Erica Falls.
Music Inside Out

She may have started 20 feet from stardom, but she’s gained a lot of ground in the meantime. Growing up in New Orleans’ 9th Ward, Erica Falls absorbed the sounds of everyone from Billy Eckstine and Ella Fitzgerald to the Sugar Hill Gang and the Ohio Players, to Roberta Flack and Steel Pulse.

Memorial for musician Prince.
Andy Hardman / The Listening Post

Since it's Jazz Fest season, our Listening Post Questions of the Week are focusing on music and heritage in New Orleans. We asked: what music was playing in your home growing up? And...if you could pick one song to represent you, what would it be?

Irma Thomas.
Rick Diamond / Music Inside Out

More than six billion people live on the planet, and yet relatively few human voices are recognizable to the naked ear.

Irma Thomas has one of those voices.

For more than 50 years, Thomas has written, recorded and lent her voice to some of the most precious songs that Louisiana has ever produced. Now music lovers all over the world know the contralto that she calls, “Irma’s sound.” This week, Music Inside Out with Gwen Thompkins makes way for the Queen of New Orleans Soul.

Keep it down, y’all. Miss Irma is speaking.

Lunch is prepared at El Paraiso, an organic farm and family-run restaurant in Viñales, Cuba.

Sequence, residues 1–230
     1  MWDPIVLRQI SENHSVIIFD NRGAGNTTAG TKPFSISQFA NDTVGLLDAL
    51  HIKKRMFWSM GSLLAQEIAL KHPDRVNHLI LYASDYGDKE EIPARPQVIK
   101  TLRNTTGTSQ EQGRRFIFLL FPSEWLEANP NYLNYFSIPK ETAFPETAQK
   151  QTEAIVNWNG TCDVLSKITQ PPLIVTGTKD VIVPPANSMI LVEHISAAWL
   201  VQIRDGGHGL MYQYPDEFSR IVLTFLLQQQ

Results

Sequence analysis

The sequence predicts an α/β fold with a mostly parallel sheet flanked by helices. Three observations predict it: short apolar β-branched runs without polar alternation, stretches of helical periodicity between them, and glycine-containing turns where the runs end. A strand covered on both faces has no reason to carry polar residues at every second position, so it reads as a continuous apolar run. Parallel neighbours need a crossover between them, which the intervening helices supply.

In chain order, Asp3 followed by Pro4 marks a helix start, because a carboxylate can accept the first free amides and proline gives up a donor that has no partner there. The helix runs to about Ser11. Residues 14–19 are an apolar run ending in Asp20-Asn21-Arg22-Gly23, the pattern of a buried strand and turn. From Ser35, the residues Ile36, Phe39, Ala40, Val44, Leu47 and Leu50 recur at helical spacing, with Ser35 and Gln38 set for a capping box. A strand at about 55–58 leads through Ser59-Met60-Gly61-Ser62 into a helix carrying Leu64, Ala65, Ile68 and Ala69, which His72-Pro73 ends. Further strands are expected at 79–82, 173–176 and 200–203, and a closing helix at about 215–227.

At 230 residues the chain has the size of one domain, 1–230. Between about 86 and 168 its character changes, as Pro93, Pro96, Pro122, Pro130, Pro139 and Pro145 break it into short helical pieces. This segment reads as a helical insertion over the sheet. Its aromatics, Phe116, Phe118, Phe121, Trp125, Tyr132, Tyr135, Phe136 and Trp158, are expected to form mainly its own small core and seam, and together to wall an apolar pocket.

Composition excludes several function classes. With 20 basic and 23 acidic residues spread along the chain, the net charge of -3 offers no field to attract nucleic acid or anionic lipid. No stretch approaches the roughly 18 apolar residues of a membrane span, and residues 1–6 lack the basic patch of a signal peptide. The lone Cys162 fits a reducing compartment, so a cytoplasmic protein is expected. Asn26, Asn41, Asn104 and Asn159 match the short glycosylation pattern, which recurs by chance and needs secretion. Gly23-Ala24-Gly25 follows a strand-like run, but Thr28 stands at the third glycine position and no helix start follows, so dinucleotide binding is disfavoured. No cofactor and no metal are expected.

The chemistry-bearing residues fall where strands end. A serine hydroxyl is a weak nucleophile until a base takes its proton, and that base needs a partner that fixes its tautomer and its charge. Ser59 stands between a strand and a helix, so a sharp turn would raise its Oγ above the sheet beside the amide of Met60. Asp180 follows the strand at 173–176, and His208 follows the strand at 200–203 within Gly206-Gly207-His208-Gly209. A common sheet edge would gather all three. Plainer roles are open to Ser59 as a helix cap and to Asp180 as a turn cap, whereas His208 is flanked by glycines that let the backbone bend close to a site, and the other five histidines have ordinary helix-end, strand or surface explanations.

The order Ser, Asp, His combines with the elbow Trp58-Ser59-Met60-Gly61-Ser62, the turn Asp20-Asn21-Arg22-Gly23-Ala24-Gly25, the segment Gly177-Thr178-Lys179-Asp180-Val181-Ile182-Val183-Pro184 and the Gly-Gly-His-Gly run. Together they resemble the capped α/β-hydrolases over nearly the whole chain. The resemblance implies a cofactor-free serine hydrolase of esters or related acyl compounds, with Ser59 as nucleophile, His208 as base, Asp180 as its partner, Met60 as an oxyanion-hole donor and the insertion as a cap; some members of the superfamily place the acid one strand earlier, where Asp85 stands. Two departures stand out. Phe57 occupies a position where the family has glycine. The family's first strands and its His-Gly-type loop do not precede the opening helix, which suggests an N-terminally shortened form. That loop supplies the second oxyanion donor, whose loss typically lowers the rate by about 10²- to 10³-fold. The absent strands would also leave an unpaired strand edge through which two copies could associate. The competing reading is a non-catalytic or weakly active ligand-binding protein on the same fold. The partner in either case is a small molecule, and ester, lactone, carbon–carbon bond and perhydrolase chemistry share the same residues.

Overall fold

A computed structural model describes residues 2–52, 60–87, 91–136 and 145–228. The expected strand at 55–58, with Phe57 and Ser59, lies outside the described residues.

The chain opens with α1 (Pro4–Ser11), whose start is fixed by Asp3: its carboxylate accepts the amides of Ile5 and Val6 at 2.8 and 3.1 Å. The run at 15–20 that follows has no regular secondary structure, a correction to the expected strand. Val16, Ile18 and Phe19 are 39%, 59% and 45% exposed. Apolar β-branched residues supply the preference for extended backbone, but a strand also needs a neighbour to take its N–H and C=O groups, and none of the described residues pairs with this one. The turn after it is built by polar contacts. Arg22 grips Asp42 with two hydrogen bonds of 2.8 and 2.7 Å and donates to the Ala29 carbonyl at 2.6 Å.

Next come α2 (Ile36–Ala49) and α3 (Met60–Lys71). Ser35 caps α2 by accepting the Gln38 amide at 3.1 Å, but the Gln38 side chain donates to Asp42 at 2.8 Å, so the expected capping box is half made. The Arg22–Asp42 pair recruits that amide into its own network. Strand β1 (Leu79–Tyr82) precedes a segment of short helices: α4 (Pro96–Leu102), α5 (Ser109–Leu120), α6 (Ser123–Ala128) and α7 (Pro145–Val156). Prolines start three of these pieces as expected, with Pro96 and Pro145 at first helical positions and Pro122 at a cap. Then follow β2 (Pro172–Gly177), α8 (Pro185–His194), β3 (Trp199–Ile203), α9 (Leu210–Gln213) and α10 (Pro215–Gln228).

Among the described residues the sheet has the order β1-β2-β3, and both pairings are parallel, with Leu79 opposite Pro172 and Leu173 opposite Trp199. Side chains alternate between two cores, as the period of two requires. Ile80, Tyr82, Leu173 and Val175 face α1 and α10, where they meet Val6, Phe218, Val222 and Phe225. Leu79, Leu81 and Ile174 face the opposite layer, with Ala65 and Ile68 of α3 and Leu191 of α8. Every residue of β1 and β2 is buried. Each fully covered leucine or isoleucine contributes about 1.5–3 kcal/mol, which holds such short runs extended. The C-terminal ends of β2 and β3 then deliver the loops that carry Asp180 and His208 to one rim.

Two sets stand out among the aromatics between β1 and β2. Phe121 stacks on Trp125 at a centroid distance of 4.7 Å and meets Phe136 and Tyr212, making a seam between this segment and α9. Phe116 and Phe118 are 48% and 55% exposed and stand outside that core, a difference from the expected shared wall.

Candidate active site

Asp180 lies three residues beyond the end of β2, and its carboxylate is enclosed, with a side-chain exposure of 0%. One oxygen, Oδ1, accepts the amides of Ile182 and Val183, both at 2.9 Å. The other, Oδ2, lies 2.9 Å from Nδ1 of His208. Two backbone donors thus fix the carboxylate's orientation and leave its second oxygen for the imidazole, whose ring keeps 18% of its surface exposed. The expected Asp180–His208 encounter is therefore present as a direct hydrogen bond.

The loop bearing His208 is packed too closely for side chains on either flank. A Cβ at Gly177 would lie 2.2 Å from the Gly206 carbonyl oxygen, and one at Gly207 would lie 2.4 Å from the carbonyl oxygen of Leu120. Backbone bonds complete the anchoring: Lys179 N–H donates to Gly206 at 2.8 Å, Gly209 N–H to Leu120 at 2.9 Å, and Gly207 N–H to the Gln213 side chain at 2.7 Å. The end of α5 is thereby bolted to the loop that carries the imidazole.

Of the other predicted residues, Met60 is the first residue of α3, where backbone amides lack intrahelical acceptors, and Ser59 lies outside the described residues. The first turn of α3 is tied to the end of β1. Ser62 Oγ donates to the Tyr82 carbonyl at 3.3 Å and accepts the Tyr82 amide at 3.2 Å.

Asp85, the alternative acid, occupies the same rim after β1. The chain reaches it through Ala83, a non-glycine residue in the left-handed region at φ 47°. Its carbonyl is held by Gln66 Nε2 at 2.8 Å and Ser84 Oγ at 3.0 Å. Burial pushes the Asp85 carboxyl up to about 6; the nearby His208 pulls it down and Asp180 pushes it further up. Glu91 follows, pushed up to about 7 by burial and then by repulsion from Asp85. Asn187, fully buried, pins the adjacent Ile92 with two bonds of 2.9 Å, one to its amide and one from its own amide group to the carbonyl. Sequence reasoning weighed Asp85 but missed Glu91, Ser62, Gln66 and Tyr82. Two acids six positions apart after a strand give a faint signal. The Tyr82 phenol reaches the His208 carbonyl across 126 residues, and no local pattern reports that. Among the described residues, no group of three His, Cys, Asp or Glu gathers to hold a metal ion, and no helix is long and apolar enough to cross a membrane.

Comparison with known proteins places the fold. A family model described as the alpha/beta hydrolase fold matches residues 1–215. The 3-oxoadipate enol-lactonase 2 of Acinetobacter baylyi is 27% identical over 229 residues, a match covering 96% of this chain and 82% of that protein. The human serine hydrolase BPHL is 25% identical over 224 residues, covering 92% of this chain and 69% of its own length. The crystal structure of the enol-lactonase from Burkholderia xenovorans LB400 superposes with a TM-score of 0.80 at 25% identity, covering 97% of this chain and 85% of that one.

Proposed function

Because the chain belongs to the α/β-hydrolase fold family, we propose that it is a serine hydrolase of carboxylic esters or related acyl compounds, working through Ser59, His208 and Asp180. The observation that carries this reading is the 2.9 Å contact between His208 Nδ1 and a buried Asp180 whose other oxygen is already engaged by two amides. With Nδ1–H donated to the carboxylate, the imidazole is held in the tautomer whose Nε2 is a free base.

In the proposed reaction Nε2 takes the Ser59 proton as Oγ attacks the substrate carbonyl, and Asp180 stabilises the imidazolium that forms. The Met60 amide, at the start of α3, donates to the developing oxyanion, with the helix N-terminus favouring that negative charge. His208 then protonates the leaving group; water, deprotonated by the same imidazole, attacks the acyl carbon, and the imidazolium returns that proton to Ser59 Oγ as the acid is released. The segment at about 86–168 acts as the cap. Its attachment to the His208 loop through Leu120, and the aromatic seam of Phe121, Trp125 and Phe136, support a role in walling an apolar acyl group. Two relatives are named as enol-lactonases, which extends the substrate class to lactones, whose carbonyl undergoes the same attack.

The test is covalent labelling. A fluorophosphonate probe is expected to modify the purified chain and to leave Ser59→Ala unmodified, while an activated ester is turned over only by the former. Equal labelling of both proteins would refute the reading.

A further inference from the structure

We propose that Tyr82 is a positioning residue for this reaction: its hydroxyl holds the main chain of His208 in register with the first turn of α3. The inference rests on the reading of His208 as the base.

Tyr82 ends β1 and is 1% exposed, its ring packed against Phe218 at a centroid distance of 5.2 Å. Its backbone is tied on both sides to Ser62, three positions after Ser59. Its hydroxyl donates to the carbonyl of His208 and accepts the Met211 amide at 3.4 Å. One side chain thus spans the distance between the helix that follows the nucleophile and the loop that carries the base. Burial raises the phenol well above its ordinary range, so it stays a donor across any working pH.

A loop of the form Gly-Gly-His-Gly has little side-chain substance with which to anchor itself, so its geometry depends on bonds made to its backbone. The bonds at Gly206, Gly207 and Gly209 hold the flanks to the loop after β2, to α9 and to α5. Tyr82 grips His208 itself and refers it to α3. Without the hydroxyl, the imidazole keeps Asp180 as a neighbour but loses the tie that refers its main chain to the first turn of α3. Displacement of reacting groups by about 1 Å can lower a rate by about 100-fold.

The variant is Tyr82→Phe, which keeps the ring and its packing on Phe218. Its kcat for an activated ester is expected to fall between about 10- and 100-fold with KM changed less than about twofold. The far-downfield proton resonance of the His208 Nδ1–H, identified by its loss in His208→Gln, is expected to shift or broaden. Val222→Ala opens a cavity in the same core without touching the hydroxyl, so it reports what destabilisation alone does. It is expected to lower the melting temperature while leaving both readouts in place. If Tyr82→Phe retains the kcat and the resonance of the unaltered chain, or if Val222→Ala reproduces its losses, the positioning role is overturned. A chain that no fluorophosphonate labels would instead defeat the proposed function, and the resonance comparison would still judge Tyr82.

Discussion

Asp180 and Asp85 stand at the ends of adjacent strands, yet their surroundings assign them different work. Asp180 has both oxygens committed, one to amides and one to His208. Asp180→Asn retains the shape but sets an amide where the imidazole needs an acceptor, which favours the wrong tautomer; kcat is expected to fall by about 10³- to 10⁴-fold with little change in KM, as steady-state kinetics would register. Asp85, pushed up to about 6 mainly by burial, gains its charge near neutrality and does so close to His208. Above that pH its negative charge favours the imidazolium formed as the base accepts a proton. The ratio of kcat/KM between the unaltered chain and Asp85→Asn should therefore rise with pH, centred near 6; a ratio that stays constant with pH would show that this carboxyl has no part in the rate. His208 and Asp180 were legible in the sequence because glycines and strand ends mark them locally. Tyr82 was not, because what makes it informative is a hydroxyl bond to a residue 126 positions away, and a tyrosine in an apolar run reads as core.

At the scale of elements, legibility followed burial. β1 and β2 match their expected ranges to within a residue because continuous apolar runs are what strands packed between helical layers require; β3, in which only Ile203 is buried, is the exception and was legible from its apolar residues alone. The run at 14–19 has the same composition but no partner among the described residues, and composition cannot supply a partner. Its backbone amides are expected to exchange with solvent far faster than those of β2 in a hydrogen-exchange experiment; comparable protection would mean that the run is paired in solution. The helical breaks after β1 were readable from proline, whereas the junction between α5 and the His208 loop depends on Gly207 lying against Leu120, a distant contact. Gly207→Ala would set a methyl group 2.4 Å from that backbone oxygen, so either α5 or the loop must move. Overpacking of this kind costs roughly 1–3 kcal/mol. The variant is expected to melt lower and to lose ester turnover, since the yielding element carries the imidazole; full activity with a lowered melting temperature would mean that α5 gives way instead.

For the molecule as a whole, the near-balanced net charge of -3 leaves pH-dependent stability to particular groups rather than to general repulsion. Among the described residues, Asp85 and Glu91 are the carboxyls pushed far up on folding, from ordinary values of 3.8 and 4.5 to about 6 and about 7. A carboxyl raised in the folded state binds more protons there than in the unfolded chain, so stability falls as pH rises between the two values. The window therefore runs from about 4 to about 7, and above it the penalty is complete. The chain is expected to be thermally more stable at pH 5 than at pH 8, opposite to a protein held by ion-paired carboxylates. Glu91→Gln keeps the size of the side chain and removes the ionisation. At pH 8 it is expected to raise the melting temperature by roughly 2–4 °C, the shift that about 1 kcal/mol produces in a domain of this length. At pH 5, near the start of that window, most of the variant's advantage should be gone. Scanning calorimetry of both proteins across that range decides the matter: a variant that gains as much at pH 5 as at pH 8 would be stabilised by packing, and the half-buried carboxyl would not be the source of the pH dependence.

Poppy Tooker

As the diplomatic thaw between the United States and Cuba continues, new opportunities for Americans to visit Cuba are opening all kinds of doors. In an incredible stroke of luck, Louisiana Eats! host Poppy Tooker had the opportunity to join the Preservation Hall Jazz Band on their landmark visit to Cuba for the Havana Jazz Festival. On this week's show, Poppy shares an audio travelogue from her week-long trip in the Rome of the Caribbean.

Each year on most mornings of the New Orleans Jazz and Heritage Festival, the Sync Up conference brings together leaders in music, film and digital media for educational and networking events to help independent artists navigate the changing landscape of new media.

WWNO's Paul Maassen spoke with Scot Aiges, ‎Director of Programs, Marketing & Communications at the New Orleans Jazz & Heritage Foundation, about this free gathering, now in it's 9th year.

The Zion Harmonizers.
Zack Smith / Music Inside Out

They are rooted in the quartet singing tradition and a capella harmonies from the turn of the last century. For more than 40 years, The Zion Harmonizers enjoyed an unparalleled platform at the New Orleans Jazz and Heritage Festival, anchoring and curating the Gospel Tent.

In the church of New Orleans jazz, they’ve had the keys to the church of church.

Thank goodness. It’s wonderful.

Jahi Salaam
Cheryl Gerber / Unprisoned

“If you grew up struggling, then you my audience,” says Jahi Salaam, an 18-year-old rapper and a poet. Jahi is from New Orleans. His first name, Jahi, means dignity in Swahili. His last name means peace. When Jahi talks about poverty, school, and prison, he says: they’re all intertwined.

This is Unprisoned.  I’m Eve Abrams.

One of the most important early music manuscripts is the Las Huelgas Codex dating from around 1300. It originated and still remains in the Cistercian convent of Santa María la Real de Las Huelgas in Burgos, in northern Spain. The convent was a wealthy one which had connections with the royal family of Castile.

Claire Jones.
John Oakley

Farrar Hudkins speaks with Welsh-born harpist Claire Jones.

Quartetto di Cremona has been performing Beethoven’s string quartet repertoire regularly since 2014, when they performed the complete Beethoven quartet cycle in Milan. Riding the heels of that concert success, they went into the studio to record all of Beethoven’s quartets.